When his composition If I Didn’t Have You scooped the Academy Award for best song at the 2002 Oscars (following 16 previous nominations), Randy Newman was probably as well-regarded for his soundtracks as for the string of acerbic and intelligent albums he has written, performed and arranged from the late 60s up to the present day. And why not? His work for Pixar (A Bug’s Life, Monsters Inc and the Toy Story films), while catering to a very different audience, can certainly stand alongside gems from his back catalogue like Sail Away, Rednecks, Short People and Louisiana 1927. However, back in the mid-60s, he was still learning his trade as a staff songwriter at Metric Music (also home to David Gates and Jackie DeShannon), and it’s from this era in his career that much of Ace’s wonderful new collection of Newman-penned compositions is sourced. “On Vine Street”, the latest in Ace’s Producers and Songwriters series, collects together timeless pop classics, in-demand rarities and obscurities – including previously unreleased recordings – forming the first ever disc to document this early period in Randy’s career.
Although born in Los Angeles, Newman spent many of his formative years in the Southern States, and while the music of Mississippi and Louisiana would have a huge influence on his later recordings, this collection displays a songwriter in love with the sound of the Brill Building, albeit one also informed by the music that must have permeated his environment from an early age: the soundtracks composed by his uncles Emil, Lionel and Alfred Newman.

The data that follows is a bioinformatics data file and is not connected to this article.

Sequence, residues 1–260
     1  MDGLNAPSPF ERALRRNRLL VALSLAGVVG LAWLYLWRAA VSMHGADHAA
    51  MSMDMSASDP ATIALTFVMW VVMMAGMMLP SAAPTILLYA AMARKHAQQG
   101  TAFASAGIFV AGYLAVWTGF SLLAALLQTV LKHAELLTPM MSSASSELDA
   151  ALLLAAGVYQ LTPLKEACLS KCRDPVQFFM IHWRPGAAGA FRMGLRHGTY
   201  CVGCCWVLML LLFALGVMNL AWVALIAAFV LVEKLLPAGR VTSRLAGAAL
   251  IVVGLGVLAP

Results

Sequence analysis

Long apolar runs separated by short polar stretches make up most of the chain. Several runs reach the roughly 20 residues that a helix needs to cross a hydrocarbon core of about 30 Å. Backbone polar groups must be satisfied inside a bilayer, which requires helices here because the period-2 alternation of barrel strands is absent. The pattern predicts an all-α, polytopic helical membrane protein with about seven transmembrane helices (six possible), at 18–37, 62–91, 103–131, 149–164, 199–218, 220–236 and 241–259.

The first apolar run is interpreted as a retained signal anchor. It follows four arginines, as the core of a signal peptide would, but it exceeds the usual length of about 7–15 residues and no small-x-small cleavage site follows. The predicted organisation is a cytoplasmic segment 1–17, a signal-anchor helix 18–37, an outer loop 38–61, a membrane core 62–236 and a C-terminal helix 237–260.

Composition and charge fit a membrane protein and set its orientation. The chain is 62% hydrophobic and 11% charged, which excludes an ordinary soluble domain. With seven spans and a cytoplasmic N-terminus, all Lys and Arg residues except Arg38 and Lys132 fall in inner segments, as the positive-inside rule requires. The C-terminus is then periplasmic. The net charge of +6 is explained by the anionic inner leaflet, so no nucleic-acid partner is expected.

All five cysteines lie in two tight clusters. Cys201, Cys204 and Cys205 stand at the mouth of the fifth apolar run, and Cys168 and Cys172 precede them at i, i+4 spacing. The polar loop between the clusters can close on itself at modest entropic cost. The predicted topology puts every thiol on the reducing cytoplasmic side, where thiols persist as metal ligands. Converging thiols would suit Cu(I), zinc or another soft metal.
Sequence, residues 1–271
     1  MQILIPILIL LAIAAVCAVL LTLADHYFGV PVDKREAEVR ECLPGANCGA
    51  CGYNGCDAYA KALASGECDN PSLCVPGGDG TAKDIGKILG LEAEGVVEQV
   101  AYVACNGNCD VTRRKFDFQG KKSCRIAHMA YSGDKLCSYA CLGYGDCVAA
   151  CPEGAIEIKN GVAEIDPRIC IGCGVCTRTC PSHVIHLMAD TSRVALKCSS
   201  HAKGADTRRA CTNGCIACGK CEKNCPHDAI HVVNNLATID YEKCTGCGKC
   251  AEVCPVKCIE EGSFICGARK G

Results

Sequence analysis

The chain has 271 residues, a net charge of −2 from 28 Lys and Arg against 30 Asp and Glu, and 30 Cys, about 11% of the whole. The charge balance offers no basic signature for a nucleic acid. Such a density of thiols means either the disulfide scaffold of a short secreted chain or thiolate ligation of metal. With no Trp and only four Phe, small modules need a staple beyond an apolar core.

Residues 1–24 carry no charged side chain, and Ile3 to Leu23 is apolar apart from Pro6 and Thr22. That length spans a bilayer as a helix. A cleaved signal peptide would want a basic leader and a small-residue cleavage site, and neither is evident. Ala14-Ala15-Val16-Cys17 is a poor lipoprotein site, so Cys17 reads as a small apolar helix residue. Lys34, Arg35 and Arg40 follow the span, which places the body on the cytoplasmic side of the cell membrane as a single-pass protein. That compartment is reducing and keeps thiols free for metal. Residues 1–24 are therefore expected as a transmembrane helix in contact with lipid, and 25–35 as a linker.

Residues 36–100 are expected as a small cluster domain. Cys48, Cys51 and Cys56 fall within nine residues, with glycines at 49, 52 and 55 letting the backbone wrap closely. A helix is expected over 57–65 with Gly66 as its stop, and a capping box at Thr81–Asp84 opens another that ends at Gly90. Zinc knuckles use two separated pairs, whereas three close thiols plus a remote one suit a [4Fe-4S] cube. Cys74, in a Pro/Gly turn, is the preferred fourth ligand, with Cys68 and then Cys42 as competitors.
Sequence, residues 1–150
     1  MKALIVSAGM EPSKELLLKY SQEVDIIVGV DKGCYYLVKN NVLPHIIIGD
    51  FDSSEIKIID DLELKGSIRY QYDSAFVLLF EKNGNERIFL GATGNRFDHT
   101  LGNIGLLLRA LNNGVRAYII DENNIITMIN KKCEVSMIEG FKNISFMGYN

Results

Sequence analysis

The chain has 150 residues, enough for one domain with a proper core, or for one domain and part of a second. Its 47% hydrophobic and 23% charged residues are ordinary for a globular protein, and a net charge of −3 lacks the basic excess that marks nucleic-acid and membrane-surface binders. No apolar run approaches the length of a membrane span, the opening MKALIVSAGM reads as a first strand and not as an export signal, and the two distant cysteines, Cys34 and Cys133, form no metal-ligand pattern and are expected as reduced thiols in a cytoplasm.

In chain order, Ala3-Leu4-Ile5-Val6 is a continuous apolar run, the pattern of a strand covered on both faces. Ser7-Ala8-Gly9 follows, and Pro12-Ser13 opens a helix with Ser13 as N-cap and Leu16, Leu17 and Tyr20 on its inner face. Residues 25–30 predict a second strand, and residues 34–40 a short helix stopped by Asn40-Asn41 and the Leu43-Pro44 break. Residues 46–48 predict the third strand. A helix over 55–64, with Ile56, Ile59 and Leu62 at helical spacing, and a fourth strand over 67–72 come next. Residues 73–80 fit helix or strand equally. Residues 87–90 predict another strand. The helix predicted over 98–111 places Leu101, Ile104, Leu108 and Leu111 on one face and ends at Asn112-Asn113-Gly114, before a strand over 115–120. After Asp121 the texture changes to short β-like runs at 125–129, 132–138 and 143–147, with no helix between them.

The compilation is cleverly sequenced in reverse-chronological order, kicking off in 1967 with two prime examples of his “in character” songwriting style, Harpers Bizarre’s The Biggest Night Of Her Life and Alan Price’s take on Simon Smith And The Amazing Dancing Bear. It’s this song which Newman often quotes as the one which fundamentally changed his method of composition: the point at which he realized that the composer could write at one remove from the subject, which is the technique that dominated his post-67 recordings. Prior to this “Eureka!” moment, Newman had yet find his own compositional voice, although songs like I’ve Been Wrong Before (included here in its Cilla Black incarnation), Nobody Needs Your Love (as performed by Gene Pitney) and I Don’t Want To Hear It Anymore (Scott Walker) – while showing a talent still in development – are also the work of a writer already steeped in “classic” songwriting technique, brimming over with tension and invention.
The disc also collects definitive performances by Harry Nilsson (So Long Dad, featuring Randy at the piano), Van Dyke Parks’ carousel-ride arrangement of Vine Street, an aching interpretation of I Think It’s Going To Rain Today from Dusty Springfield and Beverley Martyn’s urgent take on Happy New Year, together with plenty of obscurities from Newman’s early years, many making their debut on CD. And the “lets-go-back-in-time” sequencing enables the listener to peel back the layers of Randy’s influences to reveal some sort of emotional core, concluding as it does in 1962 with the pure pop innocence of the Fleetwoods’ They Tell Me It’s Summer. Beautifully mastered and impeccably annotated, it’s an essential purchase for Newman fans and aficionados of Brill Building-era pop.
BY HARVEY WILLIAMS